It is Christ that makes us different from our non-Christian counterparts, but we don’t have glorified minds or bodies until after we die. If we had glorified bodies, we would be a “pure, ceramic ball” without the inner, active, and passive temptations that can captivate us. (See James 1:14-15; 1 Thessalonians 5:14)

Thus, when someone abused Mable, she felt all sorts of awful things inside of her, but that does not have to mean that she was actively choosing sin. It means that she is a fallen human; the paper mache ball on the inside did what it was supposed to do, which includes active and passive actions. Any person who goes under such evil things will have “fallen reactions” (voluntary and involuntary) because that is who all of us are. Paul talked about it this way.

But we have this treasure in jars of clay, to show that the surpassing power belongs to God and not to us. We are afflicted in every way, but not crushed; perplexed, but not driven to despair; persecuted, but not forsaken; struck down, but not destroyed; always carrying in the body the death of Jesus, so that the life of Jesus may also be manifested in our bodies. – 2 Corinthians 4:7-10

You see the interplay between the “paper mache” and the “ceramic.” Both of them are very much present and active, but it’s the “ceramic” (Christ) that makes all the difference. The individual that God is restoring through salvation and sanctification has divine power to be victorious, even though they will always live in this body of death (Romans 7:21-25).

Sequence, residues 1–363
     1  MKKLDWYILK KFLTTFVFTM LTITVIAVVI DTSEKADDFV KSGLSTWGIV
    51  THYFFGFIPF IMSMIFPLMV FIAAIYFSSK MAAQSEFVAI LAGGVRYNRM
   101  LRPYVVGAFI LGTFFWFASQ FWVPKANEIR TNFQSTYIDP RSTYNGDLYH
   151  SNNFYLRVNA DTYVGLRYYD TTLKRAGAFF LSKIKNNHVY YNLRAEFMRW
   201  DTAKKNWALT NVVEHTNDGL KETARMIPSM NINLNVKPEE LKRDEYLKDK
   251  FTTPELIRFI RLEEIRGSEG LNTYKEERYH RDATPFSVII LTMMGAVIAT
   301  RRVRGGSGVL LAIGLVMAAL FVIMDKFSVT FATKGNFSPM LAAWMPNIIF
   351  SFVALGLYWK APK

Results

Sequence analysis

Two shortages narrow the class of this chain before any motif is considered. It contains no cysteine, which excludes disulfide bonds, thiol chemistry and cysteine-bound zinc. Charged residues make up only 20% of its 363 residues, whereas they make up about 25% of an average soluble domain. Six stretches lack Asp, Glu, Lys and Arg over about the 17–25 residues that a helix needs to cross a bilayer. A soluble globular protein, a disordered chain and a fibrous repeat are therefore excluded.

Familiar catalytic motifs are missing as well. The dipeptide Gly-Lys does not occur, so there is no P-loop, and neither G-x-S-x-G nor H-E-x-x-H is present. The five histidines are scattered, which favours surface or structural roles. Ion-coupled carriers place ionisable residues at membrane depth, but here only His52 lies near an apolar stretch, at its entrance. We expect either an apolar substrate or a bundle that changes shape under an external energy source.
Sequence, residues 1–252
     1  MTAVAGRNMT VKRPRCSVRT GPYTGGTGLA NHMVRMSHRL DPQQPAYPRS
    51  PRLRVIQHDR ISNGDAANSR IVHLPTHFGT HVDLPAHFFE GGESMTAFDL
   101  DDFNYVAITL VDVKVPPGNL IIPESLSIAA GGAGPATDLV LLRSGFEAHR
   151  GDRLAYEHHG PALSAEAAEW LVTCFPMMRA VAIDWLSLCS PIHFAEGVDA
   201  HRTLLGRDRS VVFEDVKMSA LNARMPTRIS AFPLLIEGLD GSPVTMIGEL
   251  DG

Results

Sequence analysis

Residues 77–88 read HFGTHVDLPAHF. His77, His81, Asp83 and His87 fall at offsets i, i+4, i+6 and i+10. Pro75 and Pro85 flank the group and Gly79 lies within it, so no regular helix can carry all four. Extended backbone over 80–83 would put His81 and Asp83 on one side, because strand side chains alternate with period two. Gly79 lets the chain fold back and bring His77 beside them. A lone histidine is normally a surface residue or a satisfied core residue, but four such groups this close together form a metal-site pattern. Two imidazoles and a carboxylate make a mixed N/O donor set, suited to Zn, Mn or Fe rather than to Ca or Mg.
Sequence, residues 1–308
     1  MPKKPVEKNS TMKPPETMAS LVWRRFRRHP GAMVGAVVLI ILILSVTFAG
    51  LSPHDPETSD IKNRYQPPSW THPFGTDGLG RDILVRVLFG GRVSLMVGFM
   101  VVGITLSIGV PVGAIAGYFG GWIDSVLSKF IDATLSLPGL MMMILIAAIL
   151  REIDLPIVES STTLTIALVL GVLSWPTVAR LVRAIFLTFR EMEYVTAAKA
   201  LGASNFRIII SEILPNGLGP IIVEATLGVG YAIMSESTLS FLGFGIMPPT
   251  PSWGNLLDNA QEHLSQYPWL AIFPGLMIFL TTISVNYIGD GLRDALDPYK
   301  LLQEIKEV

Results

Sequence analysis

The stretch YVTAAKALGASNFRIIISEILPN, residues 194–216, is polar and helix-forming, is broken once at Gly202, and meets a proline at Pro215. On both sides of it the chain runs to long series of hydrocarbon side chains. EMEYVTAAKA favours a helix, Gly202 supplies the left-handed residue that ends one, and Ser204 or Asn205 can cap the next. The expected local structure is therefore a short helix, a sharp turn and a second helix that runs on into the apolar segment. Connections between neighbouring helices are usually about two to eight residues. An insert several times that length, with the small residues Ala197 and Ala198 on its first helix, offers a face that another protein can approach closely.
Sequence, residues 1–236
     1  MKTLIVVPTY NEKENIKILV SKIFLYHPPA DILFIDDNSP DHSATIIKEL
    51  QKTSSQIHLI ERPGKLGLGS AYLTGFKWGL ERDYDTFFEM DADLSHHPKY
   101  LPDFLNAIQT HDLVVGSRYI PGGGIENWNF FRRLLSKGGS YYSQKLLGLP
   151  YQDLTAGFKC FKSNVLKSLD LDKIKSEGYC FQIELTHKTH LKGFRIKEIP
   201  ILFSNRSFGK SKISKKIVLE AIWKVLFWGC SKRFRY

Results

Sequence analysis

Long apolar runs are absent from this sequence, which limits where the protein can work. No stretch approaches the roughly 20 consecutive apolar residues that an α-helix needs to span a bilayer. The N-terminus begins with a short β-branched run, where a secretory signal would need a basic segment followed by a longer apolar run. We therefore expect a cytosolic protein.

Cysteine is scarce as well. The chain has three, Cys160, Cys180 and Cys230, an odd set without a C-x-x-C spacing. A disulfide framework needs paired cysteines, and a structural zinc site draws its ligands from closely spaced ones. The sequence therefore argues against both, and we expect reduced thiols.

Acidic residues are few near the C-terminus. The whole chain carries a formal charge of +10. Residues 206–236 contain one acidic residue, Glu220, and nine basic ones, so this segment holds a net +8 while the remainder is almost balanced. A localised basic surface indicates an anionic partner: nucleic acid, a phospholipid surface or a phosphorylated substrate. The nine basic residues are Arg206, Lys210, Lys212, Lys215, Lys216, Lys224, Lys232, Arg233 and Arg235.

Where some folks become confused is that they don’t fully understand the interplay of those three doctrines that I earlier mentioned. Meaning, if you’re born in Adam, you can respond with fear, anxiety, and worry, which is normal. Where depression comes into play is after an extended period of not knowing how to deal with what is happening to you effectively. When hopelessness, despair, anger, guilt, disappointment, and a few other things come and stay, it may lead to depression, though I’m only interacting with one possible cause of depression.

In this instance, depression, as I have outlined here, is not necessarily because Mable did something wrong but because of what others did to her. It is though they “activated Adam’s fallenness” (sin) inside of her, and that fallenness did what it does for any of us. It does not have to make her guilty but merely affirms that she is a fallen person like the rest of us. She would be “abnormal” if she did not struggle. Of course, the more she learns how to process her past and the abuse biblically, she will become “abnormal like Christ.”

But rather than condemning Mable, Christians should come alongside her to help her live more effectively according to the “ceramic” that Christ gave to her when He made her a new creation (2 Corinthians 5:17).

Summary – Paul is saying in Ephesians 4:22-24 that though Mable is a Christian, she continues to have “paper mache” inside of her, which works passively and actively. And she needs to learn how to put off, renew, and put on a “ceramic” kind of life.